Many thanks to Drs. DeHovitz and Bruno for their presentations, and to all the contributing and participating faculty members for helping to shape and support the development of the GHI.


College of Medicine

New Clinical App from Internal Medicine Resident, Yair Saperstein, M.D., wins 3rd at Columbia Fast Pitch!

yair_sapersteinThe Department of Medicine’s Yair Saperstein, M.D., Chief Internal Medicine Resident, took 3rd place at the 2019 Columbia University Fast Pitch Competition—Columbia Engineering’s annual elevator pitch competition where teams have 60 seconds to sell their business ideas to a panel of judges and win up to $5,000.

Dr. Saperstein entered his newly developed clinical support mobile app, AVOmd, into the competition. AVOmd was designed to simplify complicated guidelines and protocols, delivering bite-size knowledge to physicians at the point of care.

As many of you are aware, medical knowledge has been inaccessible at the point of care and continues to grow. Compounding this "knowledge challenge" are unwieldy interfaces and poor clinical workflow integrations and, as a result, both the physician and the patient suffer.


Through Dr. Saperstein’s clinical support app, physicians receive the evidence-based medical information they need to know when they need to know it through the application’s user interface. The software also offers links and sources to supporting materials so physicians understand the reasoning behind recommendations. And finally, the app allows for valuable contributing commentary from AVOmd’s growing community of physicians—which Dr. Saperstein believes can help transform the delivery of healthcare by contributing to peer dialogue and learning, ultimately continuing the development of physician expertise.

Congratulations on the fantastic win at Fast Pitch, Dr. Saperstein, and thank you for not only identifying a challenge in the delivery of care, but for your vision and leadership in reaching a solution.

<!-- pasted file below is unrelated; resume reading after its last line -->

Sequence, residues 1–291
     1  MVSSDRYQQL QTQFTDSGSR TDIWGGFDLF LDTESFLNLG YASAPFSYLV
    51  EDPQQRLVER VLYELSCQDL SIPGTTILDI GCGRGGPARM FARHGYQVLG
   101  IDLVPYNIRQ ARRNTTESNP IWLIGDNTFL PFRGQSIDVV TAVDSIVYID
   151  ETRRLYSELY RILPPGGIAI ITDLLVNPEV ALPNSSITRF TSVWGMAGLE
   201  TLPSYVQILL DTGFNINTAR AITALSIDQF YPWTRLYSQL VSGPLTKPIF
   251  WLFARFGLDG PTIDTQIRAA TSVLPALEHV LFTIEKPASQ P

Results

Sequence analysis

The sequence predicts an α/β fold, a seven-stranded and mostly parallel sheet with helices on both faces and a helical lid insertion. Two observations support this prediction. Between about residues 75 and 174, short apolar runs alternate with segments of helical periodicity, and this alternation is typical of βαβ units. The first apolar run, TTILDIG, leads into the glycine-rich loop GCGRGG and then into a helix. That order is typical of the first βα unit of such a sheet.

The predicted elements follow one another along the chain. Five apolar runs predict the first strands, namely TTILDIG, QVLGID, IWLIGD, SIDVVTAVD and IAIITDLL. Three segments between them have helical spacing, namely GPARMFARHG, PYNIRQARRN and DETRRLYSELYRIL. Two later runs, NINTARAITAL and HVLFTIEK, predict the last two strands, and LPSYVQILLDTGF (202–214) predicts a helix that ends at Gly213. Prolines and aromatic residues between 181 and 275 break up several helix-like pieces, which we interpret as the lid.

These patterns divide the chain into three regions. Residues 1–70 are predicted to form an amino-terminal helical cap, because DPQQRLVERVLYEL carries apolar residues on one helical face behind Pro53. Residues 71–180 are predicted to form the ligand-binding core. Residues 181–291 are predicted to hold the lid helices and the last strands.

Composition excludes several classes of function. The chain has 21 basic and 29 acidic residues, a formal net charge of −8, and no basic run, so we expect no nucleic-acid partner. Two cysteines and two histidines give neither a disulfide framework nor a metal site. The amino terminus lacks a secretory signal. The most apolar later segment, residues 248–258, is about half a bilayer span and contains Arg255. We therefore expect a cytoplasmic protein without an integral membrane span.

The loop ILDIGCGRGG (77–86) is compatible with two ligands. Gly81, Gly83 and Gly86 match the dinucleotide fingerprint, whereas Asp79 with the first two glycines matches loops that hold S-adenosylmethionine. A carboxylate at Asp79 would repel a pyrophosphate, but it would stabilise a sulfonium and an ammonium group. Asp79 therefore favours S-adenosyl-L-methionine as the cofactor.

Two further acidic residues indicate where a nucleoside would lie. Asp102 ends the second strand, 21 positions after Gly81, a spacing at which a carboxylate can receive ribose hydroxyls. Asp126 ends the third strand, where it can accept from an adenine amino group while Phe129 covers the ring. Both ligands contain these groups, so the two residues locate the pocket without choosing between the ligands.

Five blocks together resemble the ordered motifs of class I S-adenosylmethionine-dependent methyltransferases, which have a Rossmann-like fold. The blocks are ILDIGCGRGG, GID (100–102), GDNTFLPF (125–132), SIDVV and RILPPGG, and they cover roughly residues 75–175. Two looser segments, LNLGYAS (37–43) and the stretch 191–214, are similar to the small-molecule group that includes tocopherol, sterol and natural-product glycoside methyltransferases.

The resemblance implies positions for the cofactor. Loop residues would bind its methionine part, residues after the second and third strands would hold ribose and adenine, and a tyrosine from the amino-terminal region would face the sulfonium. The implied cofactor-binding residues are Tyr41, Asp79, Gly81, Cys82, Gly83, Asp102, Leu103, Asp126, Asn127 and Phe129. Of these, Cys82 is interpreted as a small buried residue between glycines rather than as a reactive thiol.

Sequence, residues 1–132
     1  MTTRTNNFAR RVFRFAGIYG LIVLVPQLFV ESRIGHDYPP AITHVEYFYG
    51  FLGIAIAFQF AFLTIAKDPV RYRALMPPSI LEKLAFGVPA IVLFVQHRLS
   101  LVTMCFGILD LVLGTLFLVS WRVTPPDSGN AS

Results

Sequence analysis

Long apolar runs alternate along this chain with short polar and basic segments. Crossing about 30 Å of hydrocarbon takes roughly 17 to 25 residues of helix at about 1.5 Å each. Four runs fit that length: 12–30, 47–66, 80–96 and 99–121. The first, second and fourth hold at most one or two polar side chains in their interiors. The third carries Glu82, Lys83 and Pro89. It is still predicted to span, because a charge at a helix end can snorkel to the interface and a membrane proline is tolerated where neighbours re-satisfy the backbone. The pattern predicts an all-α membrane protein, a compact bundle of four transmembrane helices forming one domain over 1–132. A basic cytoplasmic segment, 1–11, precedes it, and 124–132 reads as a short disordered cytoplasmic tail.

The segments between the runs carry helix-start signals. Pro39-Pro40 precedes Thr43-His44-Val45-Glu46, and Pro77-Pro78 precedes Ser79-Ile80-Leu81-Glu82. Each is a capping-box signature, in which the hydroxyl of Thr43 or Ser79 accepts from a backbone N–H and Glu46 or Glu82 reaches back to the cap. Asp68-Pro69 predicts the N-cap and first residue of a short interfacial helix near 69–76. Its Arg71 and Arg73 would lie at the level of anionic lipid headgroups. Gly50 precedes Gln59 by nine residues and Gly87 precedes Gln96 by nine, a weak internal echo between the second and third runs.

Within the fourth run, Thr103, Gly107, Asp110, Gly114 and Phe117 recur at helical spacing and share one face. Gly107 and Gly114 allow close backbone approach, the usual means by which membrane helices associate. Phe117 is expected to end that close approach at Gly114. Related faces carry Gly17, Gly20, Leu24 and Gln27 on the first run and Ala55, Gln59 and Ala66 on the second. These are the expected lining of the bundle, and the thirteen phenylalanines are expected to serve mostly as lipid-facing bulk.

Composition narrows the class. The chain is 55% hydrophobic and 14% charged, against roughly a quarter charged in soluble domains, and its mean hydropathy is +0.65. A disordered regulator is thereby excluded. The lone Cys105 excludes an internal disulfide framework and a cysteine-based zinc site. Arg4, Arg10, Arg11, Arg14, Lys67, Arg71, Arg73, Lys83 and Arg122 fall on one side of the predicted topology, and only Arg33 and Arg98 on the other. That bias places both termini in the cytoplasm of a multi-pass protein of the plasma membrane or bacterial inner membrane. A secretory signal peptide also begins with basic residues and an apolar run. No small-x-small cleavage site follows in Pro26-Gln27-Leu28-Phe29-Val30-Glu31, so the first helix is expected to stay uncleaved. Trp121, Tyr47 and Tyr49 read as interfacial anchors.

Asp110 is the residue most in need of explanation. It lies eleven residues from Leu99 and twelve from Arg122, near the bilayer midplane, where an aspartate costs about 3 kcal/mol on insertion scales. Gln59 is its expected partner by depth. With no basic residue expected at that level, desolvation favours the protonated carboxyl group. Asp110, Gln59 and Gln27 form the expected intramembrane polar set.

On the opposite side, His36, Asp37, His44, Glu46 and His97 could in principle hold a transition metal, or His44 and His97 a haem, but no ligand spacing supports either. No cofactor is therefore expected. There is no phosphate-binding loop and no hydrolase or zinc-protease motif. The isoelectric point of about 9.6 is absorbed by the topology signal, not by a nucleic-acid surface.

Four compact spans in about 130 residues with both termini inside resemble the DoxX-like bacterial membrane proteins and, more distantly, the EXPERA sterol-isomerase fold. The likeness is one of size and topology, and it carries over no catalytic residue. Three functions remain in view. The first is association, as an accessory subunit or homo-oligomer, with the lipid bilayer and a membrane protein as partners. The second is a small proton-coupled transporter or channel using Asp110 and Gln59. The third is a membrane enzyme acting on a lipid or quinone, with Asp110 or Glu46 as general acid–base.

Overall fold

College of Nursing

2019 International Conference on Nursing and Midwifery


The 2019 International Conference on Nursing and Midwifery, one of the biggest international events in the field of Nursing, took place this past October in Rome, Italy—and Downstate was on-hand, adding to our institution’s international presence and footprint.

The annual event brings together students, researchers, scientists, and professors in the field of Nursing—presenting a rare occasion for practitioners to discover novel opportunities and broaden their professional knowledge, while serving as a great platform for researchers to exchange and share their experiences and findings related to Nursing and Midwifery.


This year’s conference theme was “Recent trends and innovations in Nursing Practice, Education, and Research” and Downstate’s Lauren Ellis, MS, FNP-BC, TNCC, College of Nursing Lecturer and Coordinator for the Learning Resource Center and Simulation Lab, was present to address those trends and give an oral presentation on "Process Improvement for Patients on Coumadin: A Proposed EBP Intervention" during the International Conference. The presentation focused on improving care coordination for patients in hospital-based coumadin clinics. Her goal is to emphasize the importance of designating a primary care contact for patients.